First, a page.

By Vicke Cheung
Historically, when digital marketing agencies venture into content creation, it’s with the hope of increasing the number, or strength, of backlinks. This post however, aims to challenge you to think more broadly about the value of your content.
We, as digital agencies, are not traditional advertisers. Yet global ad agencies are increasingly edging into our field of play, for example, producing integrated campaigns with far-reaching social effects. There is clearly a demand and need for this type of work. But on top of this, it may well be time to use your content for more than just a link-generator anyway. At SearchLove San Diego this year, Tom Capper presented a balanced argument for why it’s possible that links are becoming increasingly unrepresentative of how Google choose to rank your pages. One of the key takeaways is that in order to continue getting in front of our audience, we will probably have to start winning at brand awareness and perception. So, how can we do this with creative content?
1. Learn how to differentiate between content for link-building vs. content for brand-building
Typically speaking with link-driven campaigns, it doesn’t matter whether or not the people engaging with a piece of content remember the brand behind it. At the end of the day, it’s down to whether or not publications decide to cover and link to it. And actually, this oftens means downplaying the brand presence, so as not to deter coverage. For example, this can mean hosting a piece on its own page without company headers and footers, keeping the client logo small and unobtrusive, and generally not having to adhere to their usual brand guidelines. Because of this, it also means that the theme of the content can be quite tangential to the brand. For example, for Magic Freebies, we created an online ‘Spot the Christmas Movies‘ quiz. This piece bears little direct connection with their brand and offering – a site which compiles free samples and free competitions – however we judged that it was something which would peak the interest of their target audience and publications. I would consider this as content for link-building.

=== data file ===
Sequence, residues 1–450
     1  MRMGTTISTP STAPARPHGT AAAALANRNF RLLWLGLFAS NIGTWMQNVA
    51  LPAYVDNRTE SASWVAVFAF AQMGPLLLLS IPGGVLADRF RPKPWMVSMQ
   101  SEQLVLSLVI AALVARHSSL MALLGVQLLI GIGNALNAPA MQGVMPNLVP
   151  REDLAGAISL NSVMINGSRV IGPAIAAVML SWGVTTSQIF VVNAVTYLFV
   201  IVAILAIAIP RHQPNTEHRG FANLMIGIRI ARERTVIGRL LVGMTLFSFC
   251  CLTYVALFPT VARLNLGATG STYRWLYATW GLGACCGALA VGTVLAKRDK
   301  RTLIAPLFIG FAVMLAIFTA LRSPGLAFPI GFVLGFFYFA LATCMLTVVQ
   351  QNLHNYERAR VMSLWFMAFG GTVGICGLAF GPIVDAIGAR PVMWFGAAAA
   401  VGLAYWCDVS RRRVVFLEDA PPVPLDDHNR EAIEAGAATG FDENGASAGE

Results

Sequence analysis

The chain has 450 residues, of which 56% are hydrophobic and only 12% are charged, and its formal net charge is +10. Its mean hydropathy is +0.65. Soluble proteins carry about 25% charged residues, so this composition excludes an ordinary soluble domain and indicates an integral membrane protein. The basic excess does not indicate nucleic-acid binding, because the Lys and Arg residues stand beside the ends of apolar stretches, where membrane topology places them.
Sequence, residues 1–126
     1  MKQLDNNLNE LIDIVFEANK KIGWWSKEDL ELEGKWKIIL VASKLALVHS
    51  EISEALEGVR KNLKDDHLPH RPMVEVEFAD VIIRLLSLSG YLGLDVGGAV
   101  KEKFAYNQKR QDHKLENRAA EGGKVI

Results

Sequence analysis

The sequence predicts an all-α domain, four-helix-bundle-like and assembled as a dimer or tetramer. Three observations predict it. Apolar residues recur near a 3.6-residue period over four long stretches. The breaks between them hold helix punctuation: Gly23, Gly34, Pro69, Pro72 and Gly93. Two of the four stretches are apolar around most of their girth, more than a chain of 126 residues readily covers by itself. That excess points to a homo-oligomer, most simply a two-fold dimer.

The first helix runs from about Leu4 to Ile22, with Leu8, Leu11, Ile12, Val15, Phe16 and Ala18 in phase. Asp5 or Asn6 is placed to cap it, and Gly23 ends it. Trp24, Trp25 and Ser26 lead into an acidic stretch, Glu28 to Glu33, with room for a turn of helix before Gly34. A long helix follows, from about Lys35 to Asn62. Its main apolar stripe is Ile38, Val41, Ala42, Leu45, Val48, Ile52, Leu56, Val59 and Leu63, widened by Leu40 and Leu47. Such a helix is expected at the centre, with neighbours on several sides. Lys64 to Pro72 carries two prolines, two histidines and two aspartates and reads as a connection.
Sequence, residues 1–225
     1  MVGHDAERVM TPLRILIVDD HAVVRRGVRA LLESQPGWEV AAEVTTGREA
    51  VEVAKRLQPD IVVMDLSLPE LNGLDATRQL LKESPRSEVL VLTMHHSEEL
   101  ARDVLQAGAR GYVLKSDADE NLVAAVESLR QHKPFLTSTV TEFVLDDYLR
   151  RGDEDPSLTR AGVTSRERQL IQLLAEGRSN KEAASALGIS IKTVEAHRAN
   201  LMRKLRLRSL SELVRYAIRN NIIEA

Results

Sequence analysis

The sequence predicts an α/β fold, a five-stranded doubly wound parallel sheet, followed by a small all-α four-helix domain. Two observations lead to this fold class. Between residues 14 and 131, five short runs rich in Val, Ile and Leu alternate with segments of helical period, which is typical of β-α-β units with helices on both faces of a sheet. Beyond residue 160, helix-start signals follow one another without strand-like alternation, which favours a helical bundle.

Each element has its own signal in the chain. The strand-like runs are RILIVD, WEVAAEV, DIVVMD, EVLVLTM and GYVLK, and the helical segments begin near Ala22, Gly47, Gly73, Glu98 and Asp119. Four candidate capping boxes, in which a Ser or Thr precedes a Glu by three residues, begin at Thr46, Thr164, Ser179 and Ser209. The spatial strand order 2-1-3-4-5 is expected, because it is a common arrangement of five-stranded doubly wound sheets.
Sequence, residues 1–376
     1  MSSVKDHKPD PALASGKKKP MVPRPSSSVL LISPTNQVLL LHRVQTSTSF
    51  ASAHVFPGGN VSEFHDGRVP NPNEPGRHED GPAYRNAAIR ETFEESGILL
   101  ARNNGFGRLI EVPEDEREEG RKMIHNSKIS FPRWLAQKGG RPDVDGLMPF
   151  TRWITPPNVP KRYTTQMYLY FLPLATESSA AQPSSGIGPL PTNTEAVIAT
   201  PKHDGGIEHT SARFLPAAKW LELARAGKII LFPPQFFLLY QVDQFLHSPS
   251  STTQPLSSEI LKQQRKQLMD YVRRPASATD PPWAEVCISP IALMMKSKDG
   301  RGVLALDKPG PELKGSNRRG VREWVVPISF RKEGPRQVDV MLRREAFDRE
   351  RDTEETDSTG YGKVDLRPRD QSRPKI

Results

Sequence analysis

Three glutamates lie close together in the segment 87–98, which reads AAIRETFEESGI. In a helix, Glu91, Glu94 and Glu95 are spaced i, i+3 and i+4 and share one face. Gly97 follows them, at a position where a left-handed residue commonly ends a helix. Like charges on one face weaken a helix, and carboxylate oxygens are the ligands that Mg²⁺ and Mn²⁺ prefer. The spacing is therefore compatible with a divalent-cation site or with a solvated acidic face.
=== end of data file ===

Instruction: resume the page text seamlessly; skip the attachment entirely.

Pieces for brand-building on the other hand require a much stronger connection between the content and the brand in question. However, unlike traditional advertising, this is not necessarily about parading a product or service in front of your audience. For example, with Rasmussen College – a private college in the US – our work for them was not about directly selling their courses, instead the strategy was to create pieces, e.g. “The Healthcare Career Matchmaker” shown below, which would help them become an authority in the career and education sector. The content aimed to be engaging and highly relevant, and therefore brand-focussed. If you go and explore the wider Rasmussen site, you’ll even notice that it sits within their usual site framework and the colours and …read more
Read more here:: distilled.net